Serial Line Internet Protocol (SLIP) was originally designed for UNIX environments for point-to- point communications between computers, servers, and hosts using TCP/IP. SLIP is used, for example, when a user wants to communicate between a remote home computer and a UNIX/Linux computer that is on a LAN at the office. That user can employ a telephone line, for example, to connect to the UNIX/Linux computer, and then transmit packets using TCP/IP encapsulated within SLIP.
SLIP merely acts as the host WAN protocol, coordinating the connection session over the telephone wire and modems. After the protocol (with its data payload) reaches the destination, the SLIP header and trailer are removed, leaving TCP/IP.
Older Remote Communications Protocol
Note that SLIP is an older remote communications protocol with more overhead than PPP (discussed in the next section). Compressed Serial Line Internet Protocol (CSLIP) is a more recent extension of SLIP that compresses header information in each packet sent across a remote link. CSLIP reduces the overhead of a SLIP connection by decreasing the header size and thus increasing the speed of communications. However, the header still must be decompressed at the receiving end.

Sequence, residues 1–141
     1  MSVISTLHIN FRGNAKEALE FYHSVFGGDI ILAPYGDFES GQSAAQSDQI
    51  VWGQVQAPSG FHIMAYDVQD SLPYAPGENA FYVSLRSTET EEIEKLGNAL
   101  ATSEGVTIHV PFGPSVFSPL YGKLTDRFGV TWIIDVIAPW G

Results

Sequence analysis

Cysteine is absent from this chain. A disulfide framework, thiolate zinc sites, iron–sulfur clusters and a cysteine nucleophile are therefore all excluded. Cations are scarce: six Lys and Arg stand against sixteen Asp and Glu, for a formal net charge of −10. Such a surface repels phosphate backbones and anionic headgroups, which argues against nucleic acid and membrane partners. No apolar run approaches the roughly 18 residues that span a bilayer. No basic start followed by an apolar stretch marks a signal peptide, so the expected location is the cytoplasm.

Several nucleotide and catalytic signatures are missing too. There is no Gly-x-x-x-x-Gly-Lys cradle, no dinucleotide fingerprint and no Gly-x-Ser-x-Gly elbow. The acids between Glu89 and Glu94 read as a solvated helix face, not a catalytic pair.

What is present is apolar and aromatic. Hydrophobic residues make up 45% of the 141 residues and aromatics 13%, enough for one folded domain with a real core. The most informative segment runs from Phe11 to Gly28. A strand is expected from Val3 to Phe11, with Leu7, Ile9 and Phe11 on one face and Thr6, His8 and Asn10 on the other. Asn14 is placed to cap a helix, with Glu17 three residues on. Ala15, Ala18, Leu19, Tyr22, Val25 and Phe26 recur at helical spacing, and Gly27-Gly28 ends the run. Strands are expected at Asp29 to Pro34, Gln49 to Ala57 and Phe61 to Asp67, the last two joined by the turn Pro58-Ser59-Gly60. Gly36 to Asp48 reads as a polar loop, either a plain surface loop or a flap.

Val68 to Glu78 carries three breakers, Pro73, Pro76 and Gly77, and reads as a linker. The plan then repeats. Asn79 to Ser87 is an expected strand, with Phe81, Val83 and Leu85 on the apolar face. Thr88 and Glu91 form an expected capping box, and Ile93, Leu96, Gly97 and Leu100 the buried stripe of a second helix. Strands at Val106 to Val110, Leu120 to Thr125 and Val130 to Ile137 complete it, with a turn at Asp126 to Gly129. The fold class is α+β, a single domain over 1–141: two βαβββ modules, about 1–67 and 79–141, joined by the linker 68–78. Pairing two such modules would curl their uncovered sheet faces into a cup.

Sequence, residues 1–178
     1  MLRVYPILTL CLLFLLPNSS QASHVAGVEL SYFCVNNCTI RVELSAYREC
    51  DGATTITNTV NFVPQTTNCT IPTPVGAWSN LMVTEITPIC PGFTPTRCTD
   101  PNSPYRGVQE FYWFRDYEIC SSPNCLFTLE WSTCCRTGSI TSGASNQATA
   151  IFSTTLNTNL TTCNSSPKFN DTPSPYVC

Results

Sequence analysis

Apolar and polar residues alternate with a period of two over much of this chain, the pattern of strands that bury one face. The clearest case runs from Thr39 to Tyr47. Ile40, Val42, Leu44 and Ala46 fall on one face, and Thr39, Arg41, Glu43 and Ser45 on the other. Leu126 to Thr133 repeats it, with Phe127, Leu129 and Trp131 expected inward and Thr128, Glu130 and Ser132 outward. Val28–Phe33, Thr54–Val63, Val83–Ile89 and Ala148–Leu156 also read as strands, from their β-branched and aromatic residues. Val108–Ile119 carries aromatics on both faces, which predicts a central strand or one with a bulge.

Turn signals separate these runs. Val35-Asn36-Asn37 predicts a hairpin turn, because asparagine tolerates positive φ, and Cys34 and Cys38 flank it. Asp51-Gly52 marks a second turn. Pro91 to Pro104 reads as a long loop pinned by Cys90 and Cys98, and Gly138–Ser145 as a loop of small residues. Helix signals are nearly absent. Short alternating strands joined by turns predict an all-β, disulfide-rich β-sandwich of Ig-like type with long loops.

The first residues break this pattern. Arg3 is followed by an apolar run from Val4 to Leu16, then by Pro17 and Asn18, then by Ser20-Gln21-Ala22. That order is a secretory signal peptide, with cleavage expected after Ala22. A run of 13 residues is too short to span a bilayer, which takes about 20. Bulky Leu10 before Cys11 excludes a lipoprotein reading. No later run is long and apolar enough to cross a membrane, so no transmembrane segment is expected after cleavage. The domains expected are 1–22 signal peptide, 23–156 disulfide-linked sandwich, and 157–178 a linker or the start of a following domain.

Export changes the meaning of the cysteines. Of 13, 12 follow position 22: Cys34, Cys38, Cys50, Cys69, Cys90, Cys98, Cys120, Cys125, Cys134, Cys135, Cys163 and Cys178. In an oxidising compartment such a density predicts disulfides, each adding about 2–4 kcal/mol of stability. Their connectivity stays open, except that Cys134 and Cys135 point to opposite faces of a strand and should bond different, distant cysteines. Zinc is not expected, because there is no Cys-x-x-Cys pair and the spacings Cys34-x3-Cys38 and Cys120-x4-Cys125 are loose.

No Network Connect Authentication
Both SLIP and CSLIP are limited in that they do not support network connection authentication to prevent someone from intercepting a communication. They also do not support automatic setup of the network connection at multiple OSI layers at the same time for a faster connection. Another disadvantage is that SLIP and CSLIP are intended for asynchronous communications, as found, for example, in a modem-to-modem connection. They do not support synchronous connections, such as the creation of a connection strictly through the Internet from a modem to an ISP.
Note: Many dial-up or remote communication services do not support SLIP or CSLIP because these protocols do not provide authentication. In addition, because of the lack of security, use SLIP only if necessary when the computer operating system you are configuring does not support PPP.
Published on Thu 21 March 2002 by Daisy Batty in Networking with tag(s): slip